So the question remains of whether certain additional choices could and should be made available under the law of the United Kingdom for resolving disputes and regulating transactions. It would be analogous to what is already possible in terms of the legal recognition of certain kinds of financial transactions under Islamic regulation (including special provision around mortgage arrangements). And it would create a helpful interaction between the courts and the practice of Muslim legal scholars in this country.
If – and please note that word – this were thought to be a useful direction in which to move, there would be plenty of work still to be done, with the greatest care, on what would and would not be possible and appropriate areas for such co-operation. I noted, for example, that traditional Muslim attitudes to ‘apostasy’ posed a very serious question (recognised by many Muslim scholars today), and that honest discussion of this was imperative.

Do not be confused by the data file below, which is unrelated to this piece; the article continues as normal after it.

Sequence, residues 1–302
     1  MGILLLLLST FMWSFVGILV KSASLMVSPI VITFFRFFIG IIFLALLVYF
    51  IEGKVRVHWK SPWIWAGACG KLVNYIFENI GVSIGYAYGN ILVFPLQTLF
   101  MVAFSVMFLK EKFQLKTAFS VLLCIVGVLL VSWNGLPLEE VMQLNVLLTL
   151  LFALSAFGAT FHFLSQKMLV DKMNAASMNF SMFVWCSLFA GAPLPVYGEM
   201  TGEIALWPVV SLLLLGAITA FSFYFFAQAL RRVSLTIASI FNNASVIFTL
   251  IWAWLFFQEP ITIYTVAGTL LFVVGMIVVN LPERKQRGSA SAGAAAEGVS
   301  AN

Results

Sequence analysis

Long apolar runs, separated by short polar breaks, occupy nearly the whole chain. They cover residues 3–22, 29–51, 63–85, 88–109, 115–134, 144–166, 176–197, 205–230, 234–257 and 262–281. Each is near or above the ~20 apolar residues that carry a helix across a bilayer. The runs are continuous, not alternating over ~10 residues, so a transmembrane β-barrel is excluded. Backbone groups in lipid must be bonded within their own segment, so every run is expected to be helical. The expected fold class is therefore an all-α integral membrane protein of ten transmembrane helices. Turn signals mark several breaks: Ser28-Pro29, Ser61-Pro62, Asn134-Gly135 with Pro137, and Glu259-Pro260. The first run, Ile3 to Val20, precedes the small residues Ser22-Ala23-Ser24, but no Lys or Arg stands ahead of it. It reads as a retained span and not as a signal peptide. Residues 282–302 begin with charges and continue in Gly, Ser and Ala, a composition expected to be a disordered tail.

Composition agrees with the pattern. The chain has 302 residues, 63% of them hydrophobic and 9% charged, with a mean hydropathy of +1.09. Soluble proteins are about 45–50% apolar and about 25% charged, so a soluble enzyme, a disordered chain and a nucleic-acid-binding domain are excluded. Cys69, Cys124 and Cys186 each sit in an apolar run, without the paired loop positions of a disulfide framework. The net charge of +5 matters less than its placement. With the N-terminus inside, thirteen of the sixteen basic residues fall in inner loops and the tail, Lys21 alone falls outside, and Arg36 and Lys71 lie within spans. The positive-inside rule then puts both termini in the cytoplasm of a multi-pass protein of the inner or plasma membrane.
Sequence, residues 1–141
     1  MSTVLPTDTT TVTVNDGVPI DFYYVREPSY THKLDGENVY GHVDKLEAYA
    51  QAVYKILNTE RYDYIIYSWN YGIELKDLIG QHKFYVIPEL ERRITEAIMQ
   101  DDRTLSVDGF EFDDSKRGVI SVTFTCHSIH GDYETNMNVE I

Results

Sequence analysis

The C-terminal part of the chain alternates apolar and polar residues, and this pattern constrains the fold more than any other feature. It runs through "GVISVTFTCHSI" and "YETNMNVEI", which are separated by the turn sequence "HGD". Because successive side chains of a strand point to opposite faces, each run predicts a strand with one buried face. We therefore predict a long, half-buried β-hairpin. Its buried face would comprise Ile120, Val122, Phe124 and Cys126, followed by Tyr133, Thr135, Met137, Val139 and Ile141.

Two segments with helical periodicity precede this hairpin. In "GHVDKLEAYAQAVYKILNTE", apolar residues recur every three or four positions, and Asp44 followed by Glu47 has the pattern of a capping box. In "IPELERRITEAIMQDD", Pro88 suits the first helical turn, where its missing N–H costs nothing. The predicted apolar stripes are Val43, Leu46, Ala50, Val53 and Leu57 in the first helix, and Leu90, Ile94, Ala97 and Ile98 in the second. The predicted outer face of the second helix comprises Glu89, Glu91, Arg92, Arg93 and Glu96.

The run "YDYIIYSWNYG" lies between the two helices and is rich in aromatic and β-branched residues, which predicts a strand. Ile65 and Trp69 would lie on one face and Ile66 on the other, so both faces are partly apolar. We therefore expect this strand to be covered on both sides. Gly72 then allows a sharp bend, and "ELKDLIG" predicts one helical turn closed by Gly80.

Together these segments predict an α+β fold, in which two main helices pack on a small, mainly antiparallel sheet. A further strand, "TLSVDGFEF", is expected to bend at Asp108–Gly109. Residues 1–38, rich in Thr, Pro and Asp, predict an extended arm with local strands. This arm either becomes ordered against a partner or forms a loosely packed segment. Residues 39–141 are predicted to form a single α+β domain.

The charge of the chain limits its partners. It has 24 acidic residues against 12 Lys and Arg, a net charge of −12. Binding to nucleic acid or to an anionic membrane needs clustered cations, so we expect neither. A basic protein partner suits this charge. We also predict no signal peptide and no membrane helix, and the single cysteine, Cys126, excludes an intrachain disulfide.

I have had a fair amount of recent first-hand contact with Christian minorities in Muslim majority countries which has left me with no illusions about the sufferings they can and do face, even when there is a national legal framework that fully recognises their liberties. But I noted that many Muslim majority countries do distinguish clearly between the rights of citizens overall and the duties accepted by some citizens of obedience to Islamic law. It is this that encourages me to think that there may be ways of engaging with the world of Islamic law on something other than an all-or-nothing basis.